We said nothing, not wanting to embarrass him, but in retrospect, is there any action we could or should have taken?
Had you brought sewing supplies to the ballet gala? If not, how would pointing it out be a help? And would the gentleman have even wanted such help?
Miss Manners once refrained from telling a young celebrity that her backless dress revealed the back of her brassiere because it would not have been fixable at the time. Not long after, a fashion magazine ran a picture of the dress, visible brassiere and all, describing it as the daring creation of a famous designer.
So she has resolved not to make fashion assumptions in the era of expensively torn jeans.
Dear Miss Manners: I frequent thrift stores and recently found a set of gorgeous ceramic plates: They are a solid color with an intricate raised design. They were a very good price, and I immediately bought them.
When I came home and looked them up, I discovered that they were sold as “charger plates.” I don’t know what to do with these.
I am familiar with the large metal plates that were used as chargers for fancy dinners in my youth, but I was under the impression that these were to be removed from the table prior to serving. When looking up how to use these chargers, I’m seeing people say that they should be left on the table as the top dish is replaced after each course. I want to do these lovely plates justice.
Chargers, also known as place plates, serve as the under-liners for the soup or another first course, after which both plates are removed from the right as the dinner plate is set from the left. This is a tricky maneuver, as the server has to go in both directions without leaning on the diner.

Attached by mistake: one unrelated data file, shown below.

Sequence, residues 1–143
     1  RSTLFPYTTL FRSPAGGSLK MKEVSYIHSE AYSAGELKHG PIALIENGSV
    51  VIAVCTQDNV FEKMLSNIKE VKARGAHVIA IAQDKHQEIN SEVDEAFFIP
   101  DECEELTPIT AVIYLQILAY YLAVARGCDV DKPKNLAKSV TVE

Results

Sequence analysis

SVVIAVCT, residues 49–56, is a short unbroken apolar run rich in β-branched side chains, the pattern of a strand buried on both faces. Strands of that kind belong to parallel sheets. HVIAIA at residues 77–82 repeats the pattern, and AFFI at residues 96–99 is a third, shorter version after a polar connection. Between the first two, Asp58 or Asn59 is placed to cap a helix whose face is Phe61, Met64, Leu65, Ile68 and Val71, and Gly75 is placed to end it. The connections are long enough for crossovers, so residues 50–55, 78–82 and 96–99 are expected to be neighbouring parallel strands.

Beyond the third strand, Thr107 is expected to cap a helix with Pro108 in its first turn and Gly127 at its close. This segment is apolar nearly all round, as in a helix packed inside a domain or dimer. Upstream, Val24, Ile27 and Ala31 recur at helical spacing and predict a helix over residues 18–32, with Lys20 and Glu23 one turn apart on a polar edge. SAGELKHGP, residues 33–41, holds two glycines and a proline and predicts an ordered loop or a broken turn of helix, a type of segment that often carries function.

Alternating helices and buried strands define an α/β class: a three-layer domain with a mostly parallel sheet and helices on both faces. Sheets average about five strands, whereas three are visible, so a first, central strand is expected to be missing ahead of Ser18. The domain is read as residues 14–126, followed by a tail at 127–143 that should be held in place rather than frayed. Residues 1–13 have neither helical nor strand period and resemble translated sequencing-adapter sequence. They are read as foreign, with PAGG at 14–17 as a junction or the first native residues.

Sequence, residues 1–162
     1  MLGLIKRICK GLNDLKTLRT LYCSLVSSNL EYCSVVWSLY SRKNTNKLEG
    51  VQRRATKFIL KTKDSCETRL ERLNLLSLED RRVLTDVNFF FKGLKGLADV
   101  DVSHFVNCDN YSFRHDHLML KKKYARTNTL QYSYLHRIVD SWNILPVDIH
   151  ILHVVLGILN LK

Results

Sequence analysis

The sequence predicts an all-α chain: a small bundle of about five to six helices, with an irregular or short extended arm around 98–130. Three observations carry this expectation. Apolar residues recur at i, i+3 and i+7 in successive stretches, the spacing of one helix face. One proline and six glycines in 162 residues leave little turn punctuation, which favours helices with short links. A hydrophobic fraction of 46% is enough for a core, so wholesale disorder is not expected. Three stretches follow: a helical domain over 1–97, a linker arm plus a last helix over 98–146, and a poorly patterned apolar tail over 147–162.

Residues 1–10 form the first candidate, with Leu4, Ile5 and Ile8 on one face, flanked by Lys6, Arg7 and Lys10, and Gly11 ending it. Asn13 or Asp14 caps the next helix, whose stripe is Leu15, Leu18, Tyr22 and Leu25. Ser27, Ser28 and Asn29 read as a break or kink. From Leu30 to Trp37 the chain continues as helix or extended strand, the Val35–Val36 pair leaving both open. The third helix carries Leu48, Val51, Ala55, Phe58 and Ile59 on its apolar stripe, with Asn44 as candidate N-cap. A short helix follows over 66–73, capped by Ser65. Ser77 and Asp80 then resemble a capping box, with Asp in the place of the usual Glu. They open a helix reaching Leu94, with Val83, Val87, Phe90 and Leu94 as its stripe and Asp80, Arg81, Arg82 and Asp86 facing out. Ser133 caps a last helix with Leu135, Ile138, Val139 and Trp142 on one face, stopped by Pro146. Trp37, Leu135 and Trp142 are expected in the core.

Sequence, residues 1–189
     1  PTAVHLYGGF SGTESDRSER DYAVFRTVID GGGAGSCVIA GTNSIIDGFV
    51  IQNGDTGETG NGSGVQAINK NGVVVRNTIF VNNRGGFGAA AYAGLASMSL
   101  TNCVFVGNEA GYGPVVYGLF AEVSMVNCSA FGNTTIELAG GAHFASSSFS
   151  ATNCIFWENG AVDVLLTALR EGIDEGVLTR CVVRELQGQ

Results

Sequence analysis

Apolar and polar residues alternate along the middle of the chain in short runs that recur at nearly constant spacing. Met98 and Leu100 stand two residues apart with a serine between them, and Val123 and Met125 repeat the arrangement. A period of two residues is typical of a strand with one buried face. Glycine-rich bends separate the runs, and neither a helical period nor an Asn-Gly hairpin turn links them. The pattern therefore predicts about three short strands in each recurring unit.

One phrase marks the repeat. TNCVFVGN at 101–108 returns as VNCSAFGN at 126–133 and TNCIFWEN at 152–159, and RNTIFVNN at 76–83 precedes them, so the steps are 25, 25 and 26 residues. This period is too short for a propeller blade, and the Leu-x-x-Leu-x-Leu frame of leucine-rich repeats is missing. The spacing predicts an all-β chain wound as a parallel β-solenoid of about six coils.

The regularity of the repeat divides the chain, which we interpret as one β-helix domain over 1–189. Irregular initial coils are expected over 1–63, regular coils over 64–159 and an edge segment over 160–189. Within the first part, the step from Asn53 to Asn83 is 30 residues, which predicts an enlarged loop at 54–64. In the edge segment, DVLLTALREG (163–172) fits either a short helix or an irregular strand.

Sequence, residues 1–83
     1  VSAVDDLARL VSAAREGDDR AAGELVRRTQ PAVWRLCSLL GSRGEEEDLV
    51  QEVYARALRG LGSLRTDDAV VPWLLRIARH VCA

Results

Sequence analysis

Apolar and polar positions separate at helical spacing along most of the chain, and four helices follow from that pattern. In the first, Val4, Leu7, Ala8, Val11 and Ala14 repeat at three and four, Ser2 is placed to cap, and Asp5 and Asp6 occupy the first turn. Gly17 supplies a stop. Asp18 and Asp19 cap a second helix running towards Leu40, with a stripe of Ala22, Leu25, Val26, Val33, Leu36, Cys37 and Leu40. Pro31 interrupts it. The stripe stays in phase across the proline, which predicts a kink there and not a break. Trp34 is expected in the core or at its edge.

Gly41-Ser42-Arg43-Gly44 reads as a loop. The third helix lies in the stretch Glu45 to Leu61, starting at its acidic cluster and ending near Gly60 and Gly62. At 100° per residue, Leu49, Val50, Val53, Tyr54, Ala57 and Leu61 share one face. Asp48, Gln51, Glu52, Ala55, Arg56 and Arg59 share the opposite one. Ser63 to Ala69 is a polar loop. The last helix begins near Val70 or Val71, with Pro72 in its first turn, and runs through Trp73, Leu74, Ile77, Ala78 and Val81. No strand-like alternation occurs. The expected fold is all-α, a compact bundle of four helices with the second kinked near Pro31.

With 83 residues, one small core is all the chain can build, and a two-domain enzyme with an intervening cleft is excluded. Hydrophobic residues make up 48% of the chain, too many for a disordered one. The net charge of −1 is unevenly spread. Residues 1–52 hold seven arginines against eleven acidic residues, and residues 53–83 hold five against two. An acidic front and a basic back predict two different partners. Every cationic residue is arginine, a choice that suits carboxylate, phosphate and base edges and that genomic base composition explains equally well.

These plates can be ceramic as well as metal. But Miss Manners hopes that the design is not so raised as to make the soup plate wobble.
Dear Miss Manners: My boyfriend wants to take me on a date that involves dressing to the nines. He would like to see me in a super fluffy ballgown, which is a request that I am willing to oblige if I can find the right dress.
The problem is that every time I browse this style, all I see is “teenage prom,” and I am twice that age. Is there a way to wear a ballgown in my 30s without looking like I am trying to relive my teenage years?
Could it be floaty instead of fluffy? Like chiffon or organza?
This is not really Miss Manners’ department. But she can suggest something tactical: a joint shopping expedition with your beau. That way, he gets to chime in — or agree to anything because he is worn out.
New Miss Manners columns are posted Monday through Saturday on washingtonpost.com/advice. You can send questions to Miss Manners at her website, missmanners.com. You can also follow her @RealMissManners.